Income tax provision.    Income tax expense for 2005 was $14.8 million on income before taxes of $47.4 million, resulting in an effective tax rate of approximately 31%. Income tax expense in 2004 was $4.7 million on income before taxes of $17.2 million, resulting in an effective tax rate of approximately 28%. This increase in the effective tax rate reflects a lower percentage of earnings in certain foreign jurisdictions with lower tax rates.

Net Income.    Net income was approximately $32.6 million in 2005 and $12.5 million in 2004, for the reasons set forth above.

Year ended December 31, 2004 Compared to Year Ended December 31, 2003

Revenues.    Revenues increased by $2.1 million, or approximately 1%, to $221.6 million in 2004 from $219.5 million in 2003. The increase was due to increased sales of $19.3 million in the Eastern Hemisphere and $200,000 in the Asia-Pacific area, offset by decreased export sales in the Western Hemisphere of $13.9 million and decreased domestic sales of $3.5 million. The worldwide increase in revenues was due to an overall increase in demand for the Company’s products which occurred at the same time that customer demands in the various regions of the world changed significantly.

Cost of Sales.    Cost of sales decreased by $4.6 million, or 2.9%, to $153.4 million in 2004 from $158.0 million in 2003. As a percentage of revenues, cost of sales was approximately 69% in 2004 and 72% in 2003. This decrease was primarily due to improvements in manufacturing, engineering and field service efficiencies and changes in product mix.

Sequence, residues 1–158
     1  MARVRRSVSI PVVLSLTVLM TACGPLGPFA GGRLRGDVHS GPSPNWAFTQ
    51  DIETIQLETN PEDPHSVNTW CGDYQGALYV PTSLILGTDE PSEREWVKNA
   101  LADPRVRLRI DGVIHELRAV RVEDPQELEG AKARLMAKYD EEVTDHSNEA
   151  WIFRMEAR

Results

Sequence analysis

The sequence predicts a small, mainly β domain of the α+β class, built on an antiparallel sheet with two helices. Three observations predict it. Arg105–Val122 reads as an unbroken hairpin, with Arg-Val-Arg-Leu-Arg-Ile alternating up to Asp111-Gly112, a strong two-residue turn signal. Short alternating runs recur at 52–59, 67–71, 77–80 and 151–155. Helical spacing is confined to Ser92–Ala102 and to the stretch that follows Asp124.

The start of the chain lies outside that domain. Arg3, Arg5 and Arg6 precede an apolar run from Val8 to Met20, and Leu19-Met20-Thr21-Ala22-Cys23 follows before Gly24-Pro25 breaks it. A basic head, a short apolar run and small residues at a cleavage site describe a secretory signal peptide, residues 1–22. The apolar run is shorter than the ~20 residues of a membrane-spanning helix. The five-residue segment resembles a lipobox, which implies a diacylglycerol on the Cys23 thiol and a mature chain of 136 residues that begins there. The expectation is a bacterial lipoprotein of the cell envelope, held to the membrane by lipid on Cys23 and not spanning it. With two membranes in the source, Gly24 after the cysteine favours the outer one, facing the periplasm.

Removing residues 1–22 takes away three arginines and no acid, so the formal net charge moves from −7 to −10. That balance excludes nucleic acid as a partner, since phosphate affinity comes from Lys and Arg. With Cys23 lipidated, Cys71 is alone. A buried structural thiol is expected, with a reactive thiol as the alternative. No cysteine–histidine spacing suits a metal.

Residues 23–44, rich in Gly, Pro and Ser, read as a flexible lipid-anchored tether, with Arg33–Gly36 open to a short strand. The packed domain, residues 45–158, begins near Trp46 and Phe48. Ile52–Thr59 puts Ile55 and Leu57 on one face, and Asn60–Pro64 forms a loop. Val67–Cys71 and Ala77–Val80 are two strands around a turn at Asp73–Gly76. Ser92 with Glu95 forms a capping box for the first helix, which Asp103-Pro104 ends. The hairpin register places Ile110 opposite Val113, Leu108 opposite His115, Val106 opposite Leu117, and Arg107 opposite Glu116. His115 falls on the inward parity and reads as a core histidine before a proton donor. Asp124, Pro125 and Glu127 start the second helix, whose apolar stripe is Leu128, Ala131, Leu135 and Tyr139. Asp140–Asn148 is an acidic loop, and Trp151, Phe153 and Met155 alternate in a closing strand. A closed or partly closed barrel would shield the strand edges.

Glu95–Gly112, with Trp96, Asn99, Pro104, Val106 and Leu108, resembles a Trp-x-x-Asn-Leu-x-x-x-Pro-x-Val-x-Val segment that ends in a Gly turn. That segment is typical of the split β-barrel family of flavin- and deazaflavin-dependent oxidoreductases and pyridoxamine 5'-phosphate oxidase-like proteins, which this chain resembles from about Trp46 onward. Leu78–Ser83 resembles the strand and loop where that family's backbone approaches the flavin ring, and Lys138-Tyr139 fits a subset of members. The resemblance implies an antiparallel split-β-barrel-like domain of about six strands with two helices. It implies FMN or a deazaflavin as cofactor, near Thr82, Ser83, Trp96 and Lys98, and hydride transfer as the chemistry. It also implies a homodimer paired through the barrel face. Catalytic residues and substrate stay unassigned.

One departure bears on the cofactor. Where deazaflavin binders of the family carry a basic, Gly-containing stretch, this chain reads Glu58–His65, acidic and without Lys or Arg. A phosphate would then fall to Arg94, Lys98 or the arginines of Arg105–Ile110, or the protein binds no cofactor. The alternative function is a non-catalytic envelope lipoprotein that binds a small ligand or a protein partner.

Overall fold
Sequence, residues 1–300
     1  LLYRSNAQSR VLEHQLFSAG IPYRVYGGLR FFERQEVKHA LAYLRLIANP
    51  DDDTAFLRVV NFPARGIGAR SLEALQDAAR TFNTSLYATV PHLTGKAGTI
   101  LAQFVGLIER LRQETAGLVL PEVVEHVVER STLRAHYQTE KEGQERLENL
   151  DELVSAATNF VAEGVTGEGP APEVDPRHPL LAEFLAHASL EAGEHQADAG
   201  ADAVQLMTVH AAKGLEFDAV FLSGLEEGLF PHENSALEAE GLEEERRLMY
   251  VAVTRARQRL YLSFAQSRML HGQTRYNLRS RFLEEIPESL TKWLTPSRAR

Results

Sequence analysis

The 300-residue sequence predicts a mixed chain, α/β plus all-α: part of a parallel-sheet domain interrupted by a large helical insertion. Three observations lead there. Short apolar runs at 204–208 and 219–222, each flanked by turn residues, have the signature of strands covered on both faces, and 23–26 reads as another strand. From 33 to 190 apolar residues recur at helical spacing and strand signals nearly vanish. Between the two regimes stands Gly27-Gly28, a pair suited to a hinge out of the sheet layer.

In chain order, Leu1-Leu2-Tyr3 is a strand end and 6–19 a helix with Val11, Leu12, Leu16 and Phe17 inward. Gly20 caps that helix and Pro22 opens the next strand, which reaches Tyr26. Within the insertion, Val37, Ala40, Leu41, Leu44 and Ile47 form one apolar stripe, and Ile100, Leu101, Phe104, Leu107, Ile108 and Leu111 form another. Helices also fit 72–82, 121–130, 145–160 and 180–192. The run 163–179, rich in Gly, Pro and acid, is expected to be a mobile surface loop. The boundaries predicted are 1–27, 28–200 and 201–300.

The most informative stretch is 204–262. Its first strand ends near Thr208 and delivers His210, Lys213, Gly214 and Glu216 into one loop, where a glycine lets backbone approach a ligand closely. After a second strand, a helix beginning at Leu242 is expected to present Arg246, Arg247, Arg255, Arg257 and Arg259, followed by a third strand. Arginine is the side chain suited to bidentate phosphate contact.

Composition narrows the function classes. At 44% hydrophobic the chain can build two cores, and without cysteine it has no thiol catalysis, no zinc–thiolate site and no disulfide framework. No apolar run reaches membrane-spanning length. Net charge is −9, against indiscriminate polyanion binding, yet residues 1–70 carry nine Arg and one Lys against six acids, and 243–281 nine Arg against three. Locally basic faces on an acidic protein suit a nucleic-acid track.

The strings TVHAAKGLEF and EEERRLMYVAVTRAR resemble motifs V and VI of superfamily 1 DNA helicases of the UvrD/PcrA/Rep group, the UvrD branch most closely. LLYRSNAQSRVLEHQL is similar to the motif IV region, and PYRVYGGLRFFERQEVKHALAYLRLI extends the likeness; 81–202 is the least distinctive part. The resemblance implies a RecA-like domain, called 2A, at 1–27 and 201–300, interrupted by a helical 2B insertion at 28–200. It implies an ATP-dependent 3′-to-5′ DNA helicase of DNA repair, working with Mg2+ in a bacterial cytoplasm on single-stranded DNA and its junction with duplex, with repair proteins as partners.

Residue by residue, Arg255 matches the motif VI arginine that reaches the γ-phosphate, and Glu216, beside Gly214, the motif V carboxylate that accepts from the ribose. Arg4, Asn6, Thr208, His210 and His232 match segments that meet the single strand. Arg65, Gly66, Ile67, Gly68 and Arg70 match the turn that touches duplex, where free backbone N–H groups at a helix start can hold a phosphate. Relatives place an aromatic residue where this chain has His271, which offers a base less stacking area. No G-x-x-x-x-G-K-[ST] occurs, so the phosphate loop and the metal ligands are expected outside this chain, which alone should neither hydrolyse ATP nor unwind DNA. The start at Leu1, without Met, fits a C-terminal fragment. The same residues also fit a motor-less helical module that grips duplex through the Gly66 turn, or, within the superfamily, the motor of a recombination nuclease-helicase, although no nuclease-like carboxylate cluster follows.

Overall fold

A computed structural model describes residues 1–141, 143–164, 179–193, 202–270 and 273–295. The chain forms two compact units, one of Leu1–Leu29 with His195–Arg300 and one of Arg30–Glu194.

Selling, General and Administrative Expenses.    For the twelve months ended December 31, 2004, selling, general and administrative expenses increased by approximately $3.7 million, or approximately 12.8%, to $32.7 million from $29.0 million in the 2003 period. Selling, general and administrative expenses increased as a percentage of revenues from 13.2% in 2003 to 14.8% in 2004. Increased expenditures in this area were primarily the result of costs of compliance with the requirements of Section 404 of the Sarbanes-Oxley Act of 2002 (approximately $1.2 million),

 

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the weakening of the U.S. dollar versus the U.K. pound and most European currencies (approximately $700,000), increased outside audit and legal fees (approximately $300,000), and increased selling, general and administrative expenses related to the Company’s new products: liner hangers and control systems (approximately $300,000).

Engineering and Product Development Expenses.    During the year ended December 31, 2004, engineering and product development expenses increased by approximately $565,000, or approximately 3.4%, to $17.1 million from $16.5 million during the same period in 2003. This increase primarily reflects increased labor costs related to the development of new products. As a percentage of revenues, engineering and product development expenses increased from 7.5% in 2003 to 7.7% in 2004.